Secretary of State Hillary Clinton and other top diplomats are gathering in Istanbul this week to talk about Libya amid fresh optimism that Libyan leader Moammar Gadhafi may be looking for a way out.
French officials have said that the Gadhafi regime is "sending messengers everywhere" to explore ways to end the conflict. U.S. officials have suggested that his regime is suffering from low morale and is running out of supplies.
Before setting off to Istanbul, Clinton told reporters that she has seen "contradictory signals" from Gadhafi's camp.
"He has yet to meet the redlines that are set by the international community to cease violence against his people, withdraw his forces, and step down from power," she said alongside her Russian counterpart Sergei Lavrov Wednesday. "Neither of us can predict to you the exact day or hour that Gadhafi will leave power; we do understand and agree that his days are numbered."
Dartmouth College professor Dirk Vandewalle says he has his doubts about the optimistic chatter in diplomatic circles.
"I'm reasonably skeptical because we heard those kinds of reports two months ago already," Vandewalle says. "What we have seen so far gives no indication that the [Libyan] government is running out of steam, so to speak."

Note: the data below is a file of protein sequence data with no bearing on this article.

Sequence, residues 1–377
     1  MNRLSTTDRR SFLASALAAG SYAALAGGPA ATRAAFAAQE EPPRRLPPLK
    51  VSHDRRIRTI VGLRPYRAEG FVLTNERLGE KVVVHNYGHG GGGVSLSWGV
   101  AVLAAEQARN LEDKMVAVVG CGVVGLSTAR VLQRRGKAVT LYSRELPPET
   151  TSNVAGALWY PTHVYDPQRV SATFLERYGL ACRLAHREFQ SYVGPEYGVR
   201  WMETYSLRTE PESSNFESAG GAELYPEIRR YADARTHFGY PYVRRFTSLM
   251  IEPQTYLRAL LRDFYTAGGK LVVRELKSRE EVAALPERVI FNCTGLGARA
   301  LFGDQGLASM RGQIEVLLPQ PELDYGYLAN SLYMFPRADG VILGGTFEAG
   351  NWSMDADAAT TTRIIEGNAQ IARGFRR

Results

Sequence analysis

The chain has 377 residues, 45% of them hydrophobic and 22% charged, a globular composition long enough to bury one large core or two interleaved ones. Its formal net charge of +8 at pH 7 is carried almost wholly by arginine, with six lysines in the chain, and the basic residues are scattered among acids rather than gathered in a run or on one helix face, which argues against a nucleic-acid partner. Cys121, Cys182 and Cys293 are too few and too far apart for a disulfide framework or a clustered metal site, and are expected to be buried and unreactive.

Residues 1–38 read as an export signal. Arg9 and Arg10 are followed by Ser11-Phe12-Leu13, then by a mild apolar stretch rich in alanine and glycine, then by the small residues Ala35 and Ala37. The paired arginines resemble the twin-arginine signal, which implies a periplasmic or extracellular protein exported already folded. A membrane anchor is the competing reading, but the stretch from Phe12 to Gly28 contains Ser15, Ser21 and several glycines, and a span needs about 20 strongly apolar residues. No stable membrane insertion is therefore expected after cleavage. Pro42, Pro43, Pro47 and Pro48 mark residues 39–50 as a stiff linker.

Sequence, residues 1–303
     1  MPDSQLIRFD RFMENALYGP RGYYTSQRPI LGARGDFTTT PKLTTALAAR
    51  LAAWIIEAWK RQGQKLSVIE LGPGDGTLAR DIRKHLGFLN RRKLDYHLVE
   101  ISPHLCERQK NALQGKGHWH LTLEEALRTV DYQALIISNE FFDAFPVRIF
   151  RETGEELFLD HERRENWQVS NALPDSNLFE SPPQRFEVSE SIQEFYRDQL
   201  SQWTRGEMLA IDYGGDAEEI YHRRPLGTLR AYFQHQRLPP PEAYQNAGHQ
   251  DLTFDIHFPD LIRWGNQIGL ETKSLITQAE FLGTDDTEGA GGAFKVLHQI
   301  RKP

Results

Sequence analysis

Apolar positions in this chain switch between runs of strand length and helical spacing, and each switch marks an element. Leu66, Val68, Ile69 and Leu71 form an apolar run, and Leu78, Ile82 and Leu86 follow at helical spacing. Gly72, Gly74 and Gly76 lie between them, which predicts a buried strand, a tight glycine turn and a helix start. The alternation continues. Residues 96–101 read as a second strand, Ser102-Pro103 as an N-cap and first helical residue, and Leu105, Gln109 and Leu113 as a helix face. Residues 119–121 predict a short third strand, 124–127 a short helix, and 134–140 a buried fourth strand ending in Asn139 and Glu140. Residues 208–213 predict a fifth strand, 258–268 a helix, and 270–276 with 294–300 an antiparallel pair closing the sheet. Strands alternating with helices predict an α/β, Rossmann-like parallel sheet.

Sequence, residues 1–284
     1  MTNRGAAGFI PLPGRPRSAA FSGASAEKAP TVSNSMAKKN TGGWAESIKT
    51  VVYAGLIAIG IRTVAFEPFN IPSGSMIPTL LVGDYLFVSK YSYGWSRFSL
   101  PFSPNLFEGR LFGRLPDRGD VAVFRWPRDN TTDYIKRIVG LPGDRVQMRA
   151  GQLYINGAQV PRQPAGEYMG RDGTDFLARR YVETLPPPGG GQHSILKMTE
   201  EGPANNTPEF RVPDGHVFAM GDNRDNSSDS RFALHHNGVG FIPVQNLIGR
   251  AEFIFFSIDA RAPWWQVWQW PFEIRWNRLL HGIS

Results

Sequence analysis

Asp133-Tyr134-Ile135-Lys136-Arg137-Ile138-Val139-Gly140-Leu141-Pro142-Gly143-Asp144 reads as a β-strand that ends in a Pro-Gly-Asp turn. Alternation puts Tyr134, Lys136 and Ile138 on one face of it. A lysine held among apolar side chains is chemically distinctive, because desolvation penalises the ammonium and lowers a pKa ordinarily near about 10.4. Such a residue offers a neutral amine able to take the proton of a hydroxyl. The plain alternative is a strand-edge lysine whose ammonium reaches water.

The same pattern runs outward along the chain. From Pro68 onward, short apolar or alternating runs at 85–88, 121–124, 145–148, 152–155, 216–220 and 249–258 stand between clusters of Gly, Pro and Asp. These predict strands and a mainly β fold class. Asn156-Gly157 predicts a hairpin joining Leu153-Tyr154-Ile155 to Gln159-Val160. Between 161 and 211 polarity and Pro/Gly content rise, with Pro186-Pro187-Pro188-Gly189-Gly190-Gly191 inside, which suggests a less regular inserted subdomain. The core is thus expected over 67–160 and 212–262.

Like many Libya watchers, Vandewalle says he is surprised that it has taken this long to force Gadhafi from power. In the long run, he says he's sure Gadhafi will run out of cash and support, but the Libyan leader has proven to be more resilient than anyone expected.
"This could take a little while," he says. "And, meanwhile, what we see is that from a military point of view, the situation remains very much stalemated, with villages changing hands literally almost by the hour."
The Dartmouth professor, who is on his way to Benghazi to help the rebel government prepare for the day after Gadhafi, says everyone underestimated the Libyan leader's staying power.
The president of the American Libyan Council, former journalist Fadel Lamen, is not surprised. He says Gadhafi is playing the international community once again.
"He's just telling them, 'Hey, we can talk about it, let's talk about it,' but he's not committing to anything in writing," he says. "He's not committing to anything that is tangible, that can be discussed."
Lamen says there is a growing sense of fatigue in Washington and "self-made optimism" in Europe. The morale of Gadafi's loyalists may be running low, he says, but "there are people still fighting for him."
Lamen points to troubles with the rebel government saying "the opposition has not come up with a political solution that they can communicate ... to the people around Gadhafi looking for a way out."
He says he is worried that as this drags on, the rebels could lose support and more cracks could emerge among big international players. And there is another complicating factor, Vandewalle says: More and more countries are trying their hand at diplomacy, and despite this "multiplicity of conversations," it is not clear which country or organization has the credibility to find a political solution or whether the Gadhafi government is really willing to consider these proposals.
So, he sees a stalemate on the diplomatic front as well.